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  • Writer's pictureYak Pack Theatre Project

The Yak Pack News #1 - Journey

EDITORS NOTE: We've just realised that our first news update only appeared on Facebook, as we hadn't yet set up Indian phone numbers and internet access in order to do these blog posts. So just rewinding 3 weeks to post this here!

Saturday 1st July

By the time I started writing notes for this update in our minibus en route from Delhi to Manali, the road had already started climbing up from the endless flat plains of the Punjab, into the Himalayan foothills. My pen skittered over the pages as I tried to write, the driver whirling the minibus round endless hairpin bends, fearlessly overtaking the trucks grinding slowly upwards, swerving away from collisions at the very last minute amid much honking and flashing of lights. The minibus rattled and shook, the engine made loud whirring noises whenever we went uphill (which was most of the time, obviously), and the occasional whiff of hot clutch added jeopardy. A fatalistic mindset is mandatory.

Out of the window are the lush, forested foothills of the Himalayas, peppered with tiny villages surrounded by their hard-won terraces carved into the steep hillsides, the scattered houses painted cheerful blues and greens and pinks.

In a month or so these roads will be full of apple trucks, collecting the precious cash crop from all these rural communities.

The road winds in and out of valleys, along the contoured hillsides, down to cross bridges over monsoon-swollen rivers, up again, and up, and up.

Our minibus is full of chatter as we catch up with each other, having traveled separately from Delhi to Chandigarh. Penny and Arjuna have been exploring Delhi for the past week and are ready for a more relaxing stint in the mountains. The Lindsey-Clark family arrived in Delhi on Saturday morning, having flown via Kuwait, where the airline decided that the plane was overloaded and removed 2 of our back packs from the hold!! We have a big back pack each, about half of which is filled with books, costumes and props.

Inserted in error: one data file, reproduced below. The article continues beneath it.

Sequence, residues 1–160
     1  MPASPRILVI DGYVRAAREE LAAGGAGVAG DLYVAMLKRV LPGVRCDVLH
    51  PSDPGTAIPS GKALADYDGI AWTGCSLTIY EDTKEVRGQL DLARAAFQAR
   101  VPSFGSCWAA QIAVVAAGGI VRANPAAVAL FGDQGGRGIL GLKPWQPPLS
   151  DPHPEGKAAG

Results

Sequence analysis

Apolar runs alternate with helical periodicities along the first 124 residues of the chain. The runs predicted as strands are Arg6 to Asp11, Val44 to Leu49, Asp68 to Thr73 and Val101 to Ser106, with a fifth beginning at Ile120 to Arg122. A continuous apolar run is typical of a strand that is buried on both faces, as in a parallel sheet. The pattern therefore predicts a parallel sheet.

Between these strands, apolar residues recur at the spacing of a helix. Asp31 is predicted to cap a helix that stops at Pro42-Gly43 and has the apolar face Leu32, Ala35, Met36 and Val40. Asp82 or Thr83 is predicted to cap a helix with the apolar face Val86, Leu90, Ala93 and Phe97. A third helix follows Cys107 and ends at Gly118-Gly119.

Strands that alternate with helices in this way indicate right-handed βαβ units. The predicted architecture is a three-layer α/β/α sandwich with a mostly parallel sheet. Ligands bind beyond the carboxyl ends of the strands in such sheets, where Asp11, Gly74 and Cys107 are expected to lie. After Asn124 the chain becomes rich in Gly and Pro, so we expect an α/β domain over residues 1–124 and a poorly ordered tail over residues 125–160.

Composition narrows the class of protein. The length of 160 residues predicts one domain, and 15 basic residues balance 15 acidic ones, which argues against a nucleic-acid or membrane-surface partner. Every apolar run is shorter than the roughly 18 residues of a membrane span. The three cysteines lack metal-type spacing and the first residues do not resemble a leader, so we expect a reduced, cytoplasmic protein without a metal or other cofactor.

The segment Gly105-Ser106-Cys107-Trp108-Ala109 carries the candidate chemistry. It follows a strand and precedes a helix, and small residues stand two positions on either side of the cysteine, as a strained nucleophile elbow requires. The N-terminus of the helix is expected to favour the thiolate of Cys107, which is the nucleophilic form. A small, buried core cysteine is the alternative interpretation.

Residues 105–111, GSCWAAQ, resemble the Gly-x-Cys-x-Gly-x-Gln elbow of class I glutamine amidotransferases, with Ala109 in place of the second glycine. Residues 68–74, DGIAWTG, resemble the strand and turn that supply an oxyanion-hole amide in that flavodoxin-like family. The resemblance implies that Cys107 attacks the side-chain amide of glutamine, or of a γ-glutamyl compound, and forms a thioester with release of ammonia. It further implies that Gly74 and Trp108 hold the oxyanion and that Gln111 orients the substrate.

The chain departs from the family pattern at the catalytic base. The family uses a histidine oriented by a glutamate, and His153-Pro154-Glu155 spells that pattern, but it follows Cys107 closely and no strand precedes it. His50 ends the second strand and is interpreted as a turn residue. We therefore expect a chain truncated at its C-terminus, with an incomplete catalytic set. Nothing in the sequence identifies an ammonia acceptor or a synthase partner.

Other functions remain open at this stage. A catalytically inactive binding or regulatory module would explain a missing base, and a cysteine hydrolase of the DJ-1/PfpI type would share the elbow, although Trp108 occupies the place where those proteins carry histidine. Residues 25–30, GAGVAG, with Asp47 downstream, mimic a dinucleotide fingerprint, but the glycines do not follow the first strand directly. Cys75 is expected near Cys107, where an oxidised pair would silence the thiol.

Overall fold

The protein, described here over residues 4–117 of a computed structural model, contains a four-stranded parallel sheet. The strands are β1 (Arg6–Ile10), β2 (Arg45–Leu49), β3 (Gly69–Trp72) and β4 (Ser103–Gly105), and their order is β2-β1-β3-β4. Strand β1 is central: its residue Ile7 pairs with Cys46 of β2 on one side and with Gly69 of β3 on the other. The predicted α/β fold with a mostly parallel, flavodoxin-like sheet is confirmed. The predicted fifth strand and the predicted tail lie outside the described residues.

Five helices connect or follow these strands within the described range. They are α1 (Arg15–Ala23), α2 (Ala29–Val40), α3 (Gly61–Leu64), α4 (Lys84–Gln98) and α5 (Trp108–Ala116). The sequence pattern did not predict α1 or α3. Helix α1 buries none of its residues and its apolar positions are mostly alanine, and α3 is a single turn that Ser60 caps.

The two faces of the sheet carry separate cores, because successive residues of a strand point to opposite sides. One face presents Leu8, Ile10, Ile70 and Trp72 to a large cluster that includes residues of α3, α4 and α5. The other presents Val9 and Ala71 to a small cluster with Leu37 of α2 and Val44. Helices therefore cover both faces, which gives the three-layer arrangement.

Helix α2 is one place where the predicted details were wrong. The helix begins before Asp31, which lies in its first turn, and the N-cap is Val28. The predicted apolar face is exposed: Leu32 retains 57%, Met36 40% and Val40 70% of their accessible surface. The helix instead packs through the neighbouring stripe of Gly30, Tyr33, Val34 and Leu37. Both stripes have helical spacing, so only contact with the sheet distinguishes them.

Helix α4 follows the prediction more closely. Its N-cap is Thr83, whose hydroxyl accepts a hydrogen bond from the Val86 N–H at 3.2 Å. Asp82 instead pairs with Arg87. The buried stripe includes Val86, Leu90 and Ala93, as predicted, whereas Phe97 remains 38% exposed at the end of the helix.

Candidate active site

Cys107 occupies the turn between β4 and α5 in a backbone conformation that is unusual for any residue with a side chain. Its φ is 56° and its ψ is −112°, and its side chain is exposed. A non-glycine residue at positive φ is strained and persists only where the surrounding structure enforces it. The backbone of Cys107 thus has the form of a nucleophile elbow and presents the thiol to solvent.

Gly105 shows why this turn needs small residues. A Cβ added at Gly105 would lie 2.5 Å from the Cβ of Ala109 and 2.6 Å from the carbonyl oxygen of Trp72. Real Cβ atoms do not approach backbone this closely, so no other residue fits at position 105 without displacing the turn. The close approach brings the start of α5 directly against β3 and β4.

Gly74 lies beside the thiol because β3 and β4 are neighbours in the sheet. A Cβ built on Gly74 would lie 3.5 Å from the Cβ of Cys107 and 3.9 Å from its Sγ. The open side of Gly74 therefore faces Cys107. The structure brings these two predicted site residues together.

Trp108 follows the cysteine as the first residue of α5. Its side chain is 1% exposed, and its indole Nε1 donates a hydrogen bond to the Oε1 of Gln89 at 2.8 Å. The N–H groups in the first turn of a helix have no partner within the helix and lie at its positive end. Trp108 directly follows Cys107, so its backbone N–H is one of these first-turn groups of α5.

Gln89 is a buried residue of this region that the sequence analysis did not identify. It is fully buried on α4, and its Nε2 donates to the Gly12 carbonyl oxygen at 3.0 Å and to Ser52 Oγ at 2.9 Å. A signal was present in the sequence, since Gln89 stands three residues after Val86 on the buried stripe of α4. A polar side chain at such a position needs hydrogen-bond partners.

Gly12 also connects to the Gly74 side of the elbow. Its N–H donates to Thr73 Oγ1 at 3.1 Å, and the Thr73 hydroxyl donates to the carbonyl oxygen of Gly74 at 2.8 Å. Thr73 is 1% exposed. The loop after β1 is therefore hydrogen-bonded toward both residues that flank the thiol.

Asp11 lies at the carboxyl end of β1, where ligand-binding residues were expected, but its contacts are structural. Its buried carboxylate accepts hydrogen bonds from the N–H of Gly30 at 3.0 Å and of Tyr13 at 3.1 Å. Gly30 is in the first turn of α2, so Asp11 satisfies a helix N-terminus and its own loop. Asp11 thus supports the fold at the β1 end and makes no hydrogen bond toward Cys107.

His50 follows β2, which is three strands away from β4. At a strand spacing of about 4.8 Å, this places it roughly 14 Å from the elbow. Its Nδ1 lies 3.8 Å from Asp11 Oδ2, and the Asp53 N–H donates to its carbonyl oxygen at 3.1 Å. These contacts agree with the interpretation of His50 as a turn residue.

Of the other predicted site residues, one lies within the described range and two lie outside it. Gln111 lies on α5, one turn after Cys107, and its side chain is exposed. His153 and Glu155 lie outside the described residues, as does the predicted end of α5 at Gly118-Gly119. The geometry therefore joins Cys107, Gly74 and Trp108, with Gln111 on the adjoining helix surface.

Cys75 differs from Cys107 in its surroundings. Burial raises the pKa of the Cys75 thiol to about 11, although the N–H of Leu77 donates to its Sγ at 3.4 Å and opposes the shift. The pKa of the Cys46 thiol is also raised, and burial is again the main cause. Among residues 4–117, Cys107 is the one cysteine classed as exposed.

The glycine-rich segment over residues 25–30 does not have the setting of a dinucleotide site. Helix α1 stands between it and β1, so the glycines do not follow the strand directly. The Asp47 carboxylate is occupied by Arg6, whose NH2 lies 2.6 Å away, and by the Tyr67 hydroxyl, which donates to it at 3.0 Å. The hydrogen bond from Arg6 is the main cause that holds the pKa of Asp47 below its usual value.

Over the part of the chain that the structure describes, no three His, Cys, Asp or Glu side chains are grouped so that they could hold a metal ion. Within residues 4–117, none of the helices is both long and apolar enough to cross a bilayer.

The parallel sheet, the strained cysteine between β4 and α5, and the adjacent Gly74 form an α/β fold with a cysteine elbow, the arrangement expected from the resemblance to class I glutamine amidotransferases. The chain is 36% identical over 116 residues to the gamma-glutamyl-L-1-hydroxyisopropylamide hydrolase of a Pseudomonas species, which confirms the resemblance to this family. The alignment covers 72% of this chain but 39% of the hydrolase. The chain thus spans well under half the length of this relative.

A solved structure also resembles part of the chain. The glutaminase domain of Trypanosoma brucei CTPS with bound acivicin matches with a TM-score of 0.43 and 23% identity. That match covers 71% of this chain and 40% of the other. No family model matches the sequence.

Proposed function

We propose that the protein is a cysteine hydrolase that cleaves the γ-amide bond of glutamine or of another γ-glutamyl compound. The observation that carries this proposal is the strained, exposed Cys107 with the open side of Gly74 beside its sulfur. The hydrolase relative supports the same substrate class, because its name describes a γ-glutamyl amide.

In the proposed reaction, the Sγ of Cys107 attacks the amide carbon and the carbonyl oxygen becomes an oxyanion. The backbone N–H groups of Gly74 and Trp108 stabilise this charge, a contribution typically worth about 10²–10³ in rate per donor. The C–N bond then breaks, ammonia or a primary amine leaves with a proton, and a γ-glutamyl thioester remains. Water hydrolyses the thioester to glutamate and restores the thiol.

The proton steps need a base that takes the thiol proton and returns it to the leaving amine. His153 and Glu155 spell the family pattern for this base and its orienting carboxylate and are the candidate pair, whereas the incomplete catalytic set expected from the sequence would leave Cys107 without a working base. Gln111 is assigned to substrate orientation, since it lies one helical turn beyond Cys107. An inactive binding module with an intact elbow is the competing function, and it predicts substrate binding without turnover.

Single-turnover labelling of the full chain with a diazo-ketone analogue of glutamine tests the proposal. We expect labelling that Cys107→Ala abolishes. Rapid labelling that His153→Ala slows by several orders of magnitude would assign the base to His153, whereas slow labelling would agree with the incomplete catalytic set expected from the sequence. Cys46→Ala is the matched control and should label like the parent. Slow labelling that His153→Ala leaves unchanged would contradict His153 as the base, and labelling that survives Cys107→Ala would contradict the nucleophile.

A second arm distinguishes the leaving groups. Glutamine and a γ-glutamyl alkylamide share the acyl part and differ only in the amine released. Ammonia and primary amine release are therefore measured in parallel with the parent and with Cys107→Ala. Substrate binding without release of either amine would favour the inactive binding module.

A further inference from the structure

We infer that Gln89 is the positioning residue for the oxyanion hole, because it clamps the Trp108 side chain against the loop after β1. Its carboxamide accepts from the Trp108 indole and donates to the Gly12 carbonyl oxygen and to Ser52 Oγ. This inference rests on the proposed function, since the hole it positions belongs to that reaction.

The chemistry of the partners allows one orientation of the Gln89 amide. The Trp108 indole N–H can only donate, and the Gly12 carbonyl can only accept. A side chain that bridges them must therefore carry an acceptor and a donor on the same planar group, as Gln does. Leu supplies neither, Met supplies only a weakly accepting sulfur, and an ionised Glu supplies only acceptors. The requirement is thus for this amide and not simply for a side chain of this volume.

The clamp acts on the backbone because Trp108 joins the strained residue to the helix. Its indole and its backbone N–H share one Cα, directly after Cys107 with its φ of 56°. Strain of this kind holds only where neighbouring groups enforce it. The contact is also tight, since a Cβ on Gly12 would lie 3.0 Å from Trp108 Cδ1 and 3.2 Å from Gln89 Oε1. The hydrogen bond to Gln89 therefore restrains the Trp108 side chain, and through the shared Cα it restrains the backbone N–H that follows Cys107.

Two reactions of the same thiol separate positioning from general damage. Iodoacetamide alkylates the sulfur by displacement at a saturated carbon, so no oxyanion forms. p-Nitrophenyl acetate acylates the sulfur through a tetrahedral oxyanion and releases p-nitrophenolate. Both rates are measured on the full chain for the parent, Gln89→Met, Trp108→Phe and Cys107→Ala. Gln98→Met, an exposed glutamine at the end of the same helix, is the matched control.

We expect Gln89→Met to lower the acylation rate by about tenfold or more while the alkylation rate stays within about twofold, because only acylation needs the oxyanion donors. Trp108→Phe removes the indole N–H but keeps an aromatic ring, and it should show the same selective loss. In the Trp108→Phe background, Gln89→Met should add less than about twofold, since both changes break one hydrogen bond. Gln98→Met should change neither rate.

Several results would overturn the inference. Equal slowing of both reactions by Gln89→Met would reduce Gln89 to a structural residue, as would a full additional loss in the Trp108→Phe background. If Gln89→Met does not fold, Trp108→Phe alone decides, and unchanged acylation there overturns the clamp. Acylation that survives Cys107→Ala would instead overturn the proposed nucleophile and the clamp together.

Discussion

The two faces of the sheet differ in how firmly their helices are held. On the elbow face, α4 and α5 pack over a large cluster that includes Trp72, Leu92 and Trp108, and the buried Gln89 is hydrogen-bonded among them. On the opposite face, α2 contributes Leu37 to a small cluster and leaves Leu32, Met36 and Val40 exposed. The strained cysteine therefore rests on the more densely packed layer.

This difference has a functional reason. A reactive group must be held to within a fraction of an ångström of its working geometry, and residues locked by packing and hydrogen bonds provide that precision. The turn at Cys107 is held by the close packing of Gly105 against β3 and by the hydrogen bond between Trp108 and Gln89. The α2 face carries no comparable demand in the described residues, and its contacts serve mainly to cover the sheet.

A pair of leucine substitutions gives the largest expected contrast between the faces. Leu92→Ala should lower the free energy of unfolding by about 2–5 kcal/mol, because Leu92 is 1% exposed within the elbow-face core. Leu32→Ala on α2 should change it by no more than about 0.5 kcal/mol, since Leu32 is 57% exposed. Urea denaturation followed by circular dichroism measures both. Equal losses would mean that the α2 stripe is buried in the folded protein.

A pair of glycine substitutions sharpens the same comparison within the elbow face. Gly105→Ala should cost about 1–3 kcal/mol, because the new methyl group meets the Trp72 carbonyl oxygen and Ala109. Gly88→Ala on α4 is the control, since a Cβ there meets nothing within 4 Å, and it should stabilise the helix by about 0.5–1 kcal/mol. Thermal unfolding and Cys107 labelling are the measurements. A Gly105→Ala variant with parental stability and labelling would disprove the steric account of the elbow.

The 2 backpacks which got left behind in Kuwait contain about 40 books, 2 peoples costumes, the detachable wolf tummy (lets just say it’s a rather bespoke prop!), and the entire craft workshop kit. When this was discovered in Delhi we had an interesting hour or so….. Apparently they will be flown to Delhi on Sunday, and be couriered to us in Manali on Monday. We’ll see. In the meantime, Ollie and Lou only have the clothes they’re standing up in, so could be rather ripe by then.

It’s a relief to be winding upwards through the cool green hills, away from the griddle pan of the Indian plains. The monsoon broke in Delhi this week, so although that’s reduced the temperature a bit its still 35-40 degrees, and drippingly humid. Low distant thunder rolls round the valleys, fat raindrops hit the windscreen. We stopped in a roadside café, and in the loo I spotted a poster urging people headed for the hills not to drop litter, and especially to use refillable water bottles. Good to see.

The road we’re on goes through Mandi, then along the Kullu valley, all the way to Manali at the head of the valley. Just yesterday this road was blocked for most of the day by a landslide just before Manali, but apparently its been cleared now. Landslides are the biggest hazard on this journey.

The valley sides are steep and loosened with monsoon downpours, causing great chunks of rock and vegetation to come down on the road, blocking it until a tractor comes along to shovel it all away down the mountainside.

And climate change is making the downpours even more destructive.

We’d all left Delhi in the early morning, met in Chandigarh about 2pm, and as day turned to night, the journey started to feel interminable. We stopped for chai, ate in roadside curry houses, drove along fast roads and rough tracks, swerved round cows, people, tuktuks, lorries and more lorries, on and up. As it got dark I saw a high pinprick of light, thinking it to be a star until I made out the dark smudge of mountain top skyline and realised it was actually a house, in an impossible perch, difficult to imagine what the life was life for the person who lived in such a remote place. A farmer? A hermit? Someone who REALLY needed to get away from it all, with a view to die for.

We finally reached Manali about midnight. The streets of Old Manali are very narrow, even 2 small cars struggle to pass, and I think our driver regretted starting to drive up through the village as soon as he’d committed to doing it. There is nowhere to turn round until the top of the village where the road ends. There was an extraordinary amount of vehicles coming the other way, considering it was midnight and a dead end. Every meeting was a crazy squeeze past and my admiration for our driver increased even more. It took us about 30 minutes – and all our remaining patience - to navigate the 1km to the top of the village, execute a magnificent 11-point turn, and roll back down to our hotel.

We’ve got 4 nights to acclimatise here at 2000m above sea level, before the next big hike up in altitude on Wednesday. While we’re here we’ve got a list of props to source and make, not to mention 2 backpacks to locate. The Yak Pack have arrived!

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